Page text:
SAN FRANCISCO — There are professional athletes who respond to trades by declaring that "it's a business," and there are those who outwardly display their disappointment, even bitterness.
Then there is Andres Torres' assessment of the 2011 deal that shipped him to New York for Angel Pagan, who would play center field on a championship club as Torres struggled for the lowly Mets.
"It was a great trade," Torres said excitedly. "Pagan is a great player and a great guy. San Francisco won the World Series again and (Pagan) was great."
That last word was used often by Torres on Tuesday, when pitchers and catchers reported to Scottsdale Stadium for the start of the 2013 season. In a crowded clubhouse filled with returning champions and young minor leaguers soaking in the big league life, nobody had a bigger smile than Torres, who circled the room with hugs, handshakes and sometimes both.
"I'm so happy to be back," Torres said. "This is a dream come true."
His lifelong dream was first realized in 2010, when Torres, a journeyman outfielder, started 138 games, hit 16 homers and scored 84 runs for a championship club. Torres was popular in the clubhouse and a darling of the fan base, but his career crashed back to earth in 2011. Torres hit .221 with just four homers in the failed quest for a repeat title. His OPS dropped from .823 to .643, and in December he was traded to the Mets, along with right-hander Ramon Ramirez.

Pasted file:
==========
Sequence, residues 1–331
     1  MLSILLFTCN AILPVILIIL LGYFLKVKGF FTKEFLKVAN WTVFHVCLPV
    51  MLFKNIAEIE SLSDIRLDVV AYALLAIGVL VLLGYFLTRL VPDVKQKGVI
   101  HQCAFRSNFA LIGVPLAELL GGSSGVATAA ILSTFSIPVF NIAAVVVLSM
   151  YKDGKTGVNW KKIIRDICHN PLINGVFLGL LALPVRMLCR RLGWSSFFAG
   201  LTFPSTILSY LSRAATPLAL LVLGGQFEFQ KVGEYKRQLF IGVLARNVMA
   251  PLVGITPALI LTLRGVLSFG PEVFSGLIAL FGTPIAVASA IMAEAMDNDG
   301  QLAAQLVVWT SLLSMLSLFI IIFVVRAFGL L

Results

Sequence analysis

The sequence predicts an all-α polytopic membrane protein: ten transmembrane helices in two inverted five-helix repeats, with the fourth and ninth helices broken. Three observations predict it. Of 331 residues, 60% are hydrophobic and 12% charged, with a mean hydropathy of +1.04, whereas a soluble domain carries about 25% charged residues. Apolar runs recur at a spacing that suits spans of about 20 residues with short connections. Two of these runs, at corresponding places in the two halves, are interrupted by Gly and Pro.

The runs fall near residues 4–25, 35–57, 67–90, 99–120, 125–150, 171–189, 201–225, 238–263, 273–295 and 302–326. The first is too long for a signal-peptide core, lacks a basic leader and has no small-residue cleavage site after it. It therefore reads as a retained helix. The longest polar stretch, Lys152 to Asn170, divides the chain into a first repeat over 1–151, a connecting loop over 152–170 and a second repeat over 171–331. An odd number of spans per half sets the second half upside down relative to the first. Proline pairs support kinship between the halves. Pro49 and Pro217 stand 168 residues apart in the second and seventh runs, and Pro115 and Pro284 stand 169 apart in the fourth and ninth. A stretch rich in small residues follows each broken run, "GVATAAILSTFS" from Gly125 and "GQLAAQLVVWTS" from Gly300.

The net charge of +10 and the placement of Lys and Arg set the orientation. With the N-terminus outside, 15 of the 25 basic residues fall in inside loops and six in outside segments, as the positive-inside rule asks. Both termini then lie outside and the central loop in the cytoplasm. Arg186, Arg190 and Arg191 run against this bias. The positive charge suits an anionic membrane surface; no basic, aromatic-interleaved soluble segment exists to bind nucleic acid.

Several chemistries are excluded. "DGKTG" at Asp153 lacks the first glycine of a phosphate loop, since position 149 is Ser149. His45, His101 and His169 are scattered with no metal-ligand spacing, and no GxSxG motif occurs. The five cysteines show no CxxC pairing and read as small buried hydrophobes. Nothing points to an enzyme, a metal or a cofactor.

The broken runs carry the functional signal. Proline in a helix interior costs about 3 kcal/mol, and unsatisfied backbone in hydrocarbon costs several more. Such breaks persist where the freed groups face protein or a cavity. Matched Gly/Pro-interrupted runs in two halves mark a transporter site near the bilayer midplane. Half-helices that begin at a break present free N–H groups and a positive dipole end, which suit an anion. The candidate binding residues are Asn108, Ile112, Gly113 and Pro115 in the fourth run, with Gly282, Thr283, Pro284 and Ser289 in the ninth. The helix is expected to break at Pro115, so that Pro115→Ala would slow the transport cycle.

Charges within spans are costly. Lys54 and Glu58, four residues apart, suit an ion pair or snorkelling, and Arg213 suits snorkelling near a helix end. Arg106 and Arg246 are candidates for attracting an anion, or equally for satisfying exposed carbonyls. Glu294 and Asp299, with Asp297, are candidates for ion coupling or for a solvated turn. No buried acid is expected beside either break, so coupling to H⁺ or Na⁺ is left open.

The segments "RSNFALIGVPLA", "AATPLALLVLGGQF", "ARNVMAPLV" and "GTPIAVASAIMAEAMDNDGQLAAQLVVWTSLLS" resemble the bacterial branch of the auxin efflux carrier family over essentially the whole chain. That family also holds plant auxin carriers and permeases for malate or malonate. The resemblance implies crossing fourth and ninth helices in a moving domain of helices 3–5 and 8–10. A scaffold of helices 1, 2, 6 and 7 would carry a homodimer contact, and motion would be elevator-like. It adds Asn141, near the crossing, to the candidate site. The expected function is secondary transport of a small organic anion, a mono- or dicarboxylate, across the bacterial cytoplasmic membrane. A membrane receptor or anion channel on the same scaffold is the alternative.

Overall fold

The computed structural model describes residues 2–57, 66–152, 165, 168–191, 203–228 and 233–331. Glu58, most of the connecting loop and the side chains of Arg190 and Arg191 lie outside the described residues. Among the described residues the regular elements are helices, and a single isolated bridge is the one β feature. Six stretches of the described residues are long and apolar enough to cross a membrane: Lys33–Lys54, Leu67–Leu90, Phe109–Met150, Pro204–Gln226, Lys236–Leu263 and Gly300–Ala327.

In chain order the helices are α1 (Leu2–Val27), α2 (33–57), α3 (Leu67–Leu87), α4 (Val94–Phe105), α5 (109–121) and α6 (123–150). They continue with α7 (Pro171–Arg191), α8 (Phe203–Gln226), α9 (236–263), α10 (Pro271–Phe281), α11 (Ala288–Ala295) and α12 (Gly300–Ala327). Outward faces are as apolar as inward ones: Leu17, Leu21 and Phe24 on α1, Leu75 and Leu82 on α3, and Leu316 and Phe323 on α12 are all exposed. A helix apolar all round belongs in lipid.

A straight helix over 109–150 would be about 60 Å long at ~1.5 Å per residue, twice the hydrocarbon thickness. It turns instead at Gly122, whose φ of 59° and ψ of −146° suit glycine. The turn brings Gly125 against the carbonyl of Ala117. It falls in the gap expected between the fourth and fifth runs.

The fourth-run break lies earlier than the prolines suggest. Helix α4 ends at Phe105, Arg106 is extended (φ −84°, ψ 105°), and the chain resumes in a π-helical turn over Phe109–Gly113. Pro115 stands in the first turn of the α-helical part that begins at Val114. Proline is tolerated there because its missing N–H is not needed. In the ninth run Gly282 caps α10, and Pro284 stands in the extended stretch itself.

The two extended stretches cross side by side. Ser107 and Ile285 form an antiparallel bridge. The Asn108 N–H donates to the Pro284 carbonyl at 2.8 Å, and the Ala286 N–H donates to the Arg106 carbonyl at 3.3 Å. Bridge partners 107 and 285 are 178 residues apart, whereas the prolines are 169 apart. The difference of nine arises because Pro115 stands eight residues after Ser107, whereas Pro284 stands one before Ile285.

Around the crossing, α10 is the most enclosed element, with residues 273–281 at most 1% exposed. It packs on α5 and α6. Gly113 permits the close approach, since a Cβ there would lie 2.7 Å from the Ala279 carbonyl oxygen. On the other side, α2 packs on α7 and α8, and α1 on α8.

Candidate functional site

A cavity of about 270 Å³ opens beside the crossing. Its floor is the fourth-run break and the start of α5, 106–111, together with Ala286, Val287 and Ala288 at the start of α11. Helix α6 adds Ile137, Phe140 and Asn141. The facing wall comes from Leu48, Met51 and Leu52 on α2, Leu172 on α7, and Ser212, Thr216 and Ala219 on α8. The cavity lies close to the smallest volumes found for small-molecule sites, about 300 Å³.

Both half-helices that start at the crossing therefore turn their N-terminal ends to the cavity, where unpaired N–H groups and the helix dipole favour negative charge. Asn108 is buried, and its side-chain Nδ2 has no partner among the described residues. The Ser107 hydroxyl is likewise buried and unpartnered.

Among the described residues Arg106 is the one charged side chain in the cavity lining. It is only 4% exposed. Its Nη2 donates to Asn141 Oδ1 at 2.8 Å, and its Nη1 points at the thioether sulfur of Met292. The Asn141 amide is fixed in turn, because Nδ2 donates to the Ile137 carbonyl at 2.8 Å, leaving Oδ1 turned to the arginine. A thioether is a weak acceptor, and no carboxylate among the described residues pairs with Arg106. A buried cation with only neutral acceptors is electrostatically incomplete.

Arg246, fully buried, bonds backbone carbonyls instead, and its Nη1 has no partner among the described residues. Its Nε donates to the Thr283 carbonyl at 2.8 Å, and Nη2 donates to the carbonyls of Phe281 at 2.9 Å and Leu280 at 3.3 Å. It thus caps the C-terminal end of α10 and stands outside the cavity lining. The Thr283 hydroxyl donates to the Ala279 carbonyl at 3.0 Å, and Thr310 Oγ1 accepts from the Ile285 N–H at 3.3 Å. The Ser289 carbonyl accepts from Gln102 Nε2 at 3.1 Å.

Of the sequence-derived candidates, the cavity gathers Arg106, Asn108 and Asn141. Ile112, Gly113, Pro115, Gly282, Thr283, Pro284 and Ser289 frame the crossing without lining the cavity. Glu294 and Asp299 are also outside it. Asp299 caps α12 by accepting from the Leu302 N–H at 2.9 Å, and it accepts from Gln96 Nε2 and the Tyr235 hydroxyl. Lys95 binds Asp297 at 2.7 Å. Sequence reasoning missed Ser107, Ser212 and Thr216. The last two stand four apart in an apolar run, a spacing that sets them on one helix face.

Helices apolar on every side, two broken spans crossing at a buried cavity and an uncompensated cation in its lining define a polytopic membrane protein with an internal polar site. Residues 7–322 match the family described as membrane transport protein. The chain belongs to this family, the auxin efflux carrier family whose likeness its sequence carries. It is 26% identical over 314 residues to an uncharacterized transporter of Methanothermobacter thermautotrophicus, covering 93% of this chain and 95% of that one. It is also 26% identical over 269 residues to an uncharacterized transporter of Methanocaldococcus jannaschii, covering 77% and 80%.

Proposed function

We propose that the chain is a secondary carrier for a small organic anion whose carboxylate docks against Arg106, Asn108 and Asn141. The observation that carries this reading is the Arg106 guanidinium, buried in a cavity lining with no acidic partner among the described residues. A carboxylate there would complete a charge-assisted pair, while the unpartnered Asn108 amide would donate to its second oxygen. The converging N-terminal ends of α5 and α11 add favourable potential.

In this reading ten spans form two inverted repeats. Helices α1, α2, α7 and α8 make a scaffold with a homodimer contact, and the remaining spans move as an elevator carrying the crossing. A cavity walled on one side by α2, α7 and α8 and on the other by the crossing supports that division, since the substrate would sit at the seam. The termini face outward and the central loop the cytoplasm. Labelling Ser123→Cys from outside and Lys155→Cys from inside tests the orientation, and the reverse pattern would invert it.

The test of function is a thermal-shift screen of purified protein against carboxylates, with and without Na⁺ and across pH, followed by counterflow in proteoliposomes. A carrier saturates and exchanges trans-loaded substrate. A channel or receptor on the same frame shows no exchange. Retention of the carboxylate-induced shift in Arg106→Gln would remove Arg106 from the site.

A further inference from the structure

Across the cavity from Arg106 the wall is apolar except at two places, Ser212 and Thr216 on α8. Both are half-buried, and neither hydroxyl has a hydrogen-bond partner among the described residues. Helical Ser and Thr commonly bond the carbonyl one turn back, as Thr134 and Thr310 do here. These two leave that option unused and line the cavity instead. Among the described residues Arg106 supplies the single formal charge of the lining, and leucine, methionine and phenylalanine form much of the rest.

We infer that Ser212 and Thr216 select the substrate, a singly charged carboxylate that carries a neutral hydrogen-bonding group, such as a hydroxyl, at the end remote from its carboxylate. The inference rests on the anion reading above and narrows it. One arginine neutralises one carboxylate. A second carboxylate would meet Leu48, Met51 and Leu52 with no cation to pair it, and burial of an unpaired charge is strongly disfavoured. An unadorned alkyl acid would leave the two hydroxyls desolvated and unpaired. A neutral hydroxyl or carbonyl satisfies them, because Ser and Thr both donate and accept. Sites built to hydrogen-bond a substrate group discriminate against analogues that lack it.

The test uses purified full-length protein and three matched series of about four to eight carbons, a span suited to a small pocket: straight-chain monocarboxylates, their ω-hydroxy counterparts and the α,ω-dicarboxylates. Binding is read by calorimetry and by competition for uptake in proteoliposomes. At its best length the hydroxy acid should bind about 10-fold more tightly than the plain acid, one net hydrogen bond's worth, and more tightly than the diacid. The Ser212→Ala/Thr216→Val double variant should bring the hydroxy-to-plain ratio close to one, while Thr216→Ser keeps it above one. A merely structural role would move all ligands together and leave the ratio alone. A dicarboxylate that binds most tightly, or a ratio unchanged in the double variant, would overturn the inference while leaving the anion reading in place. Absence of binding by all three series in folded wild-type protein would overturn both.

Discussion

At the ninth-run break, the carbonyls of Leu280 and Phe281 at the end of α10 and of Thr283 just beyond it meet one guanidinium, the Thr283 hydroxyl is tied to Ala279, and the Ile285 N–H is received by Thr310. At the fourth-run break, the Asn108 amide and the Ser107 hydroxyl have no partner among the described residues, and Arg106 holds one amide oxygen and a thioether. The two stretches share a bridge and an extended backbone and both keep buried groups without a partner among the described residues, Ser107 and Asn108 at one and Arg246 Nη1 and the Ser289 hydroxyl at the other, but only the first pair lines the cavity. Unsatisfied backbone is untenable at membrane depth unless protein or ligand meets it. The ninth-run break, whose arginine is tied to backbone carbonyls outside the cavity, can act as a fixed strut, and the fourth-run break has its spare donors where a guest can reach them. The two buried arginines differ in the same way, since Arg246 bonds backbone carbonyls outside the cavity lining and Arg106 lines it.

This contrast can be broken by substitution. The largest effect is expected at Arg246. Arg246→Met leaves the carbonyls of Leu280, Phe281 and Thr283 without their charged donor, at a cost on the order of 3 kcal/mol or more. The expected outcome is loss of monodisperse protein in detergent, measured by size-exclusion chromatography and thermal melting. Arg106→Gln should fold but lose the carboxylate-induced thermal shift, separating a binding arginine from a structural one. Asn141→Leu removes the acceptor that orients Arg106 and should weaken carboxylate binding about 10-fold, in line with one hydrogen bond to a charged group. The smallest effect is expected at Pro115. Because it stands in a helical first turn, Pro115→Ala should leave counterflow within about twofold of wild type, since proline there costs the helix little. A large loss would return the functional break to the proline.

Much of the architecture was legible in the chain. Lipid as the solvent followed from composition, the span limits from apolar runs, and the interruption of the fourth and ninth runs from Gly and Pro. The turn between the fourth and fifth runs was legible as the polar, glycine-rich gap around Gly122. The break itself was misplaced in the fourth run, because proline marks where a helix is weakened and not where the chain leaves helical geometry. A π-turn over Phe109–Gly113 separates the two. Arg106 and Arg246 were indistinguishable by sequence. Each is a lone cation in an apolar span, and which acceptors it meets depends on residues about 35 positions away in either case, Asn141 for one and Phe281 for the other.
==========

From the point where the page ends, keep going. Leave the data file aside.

A calf injury landed Torres on the disabled list early last season and he never recovered, hitting .230 with just three homers and 13 stolen bases. Free agency can be a barren wasteland for veteran outfielders coming off back-to-back poor seasons, but Torres is a versatile outfielder capable of playing all three positions, and when healthy, he remains a burner on the basepaths.
Torres said the Mets tried to bring him back and the Cincinnati Reds and Los Angeles Dodgers expressed interest. But throughout the process, he was eyeing only one destination.
"This is home for me," he said. "San Francisco gave me an opportunity when I was in the minors to make the team, and gave me a job. I won the World Series here. I really appreciated those things.
"You have to do what's best for your family, but I really wanted to be here."
Torres placed multiple phone calls to manager Bruce Bochy, and when his agent began to talk terms with other teams, Torres insisted that he didn't care about money. He wanted to go where he felt comfortable.
"His message was really (about) how badly he wanted to come back," Bochy said of the phone calls. "He was a Giant at heart. I explained the situation and that I may not have a starting role here, but that wasn't important to him as much as the fact that he wanted to be back in the city with this team that he loved.
"He wanted to help out in any way."
Bochy has already mapped out Torres' path to production and envisions him in a platoon with Gregor Blanco, another speedy, defensive-minded veteran who broke through when the Giants gave him a chance. Masked by his overall struggles last season was the fact that Torres, a switch-hitter, had a .382 on-base percentage when hitting from the right side.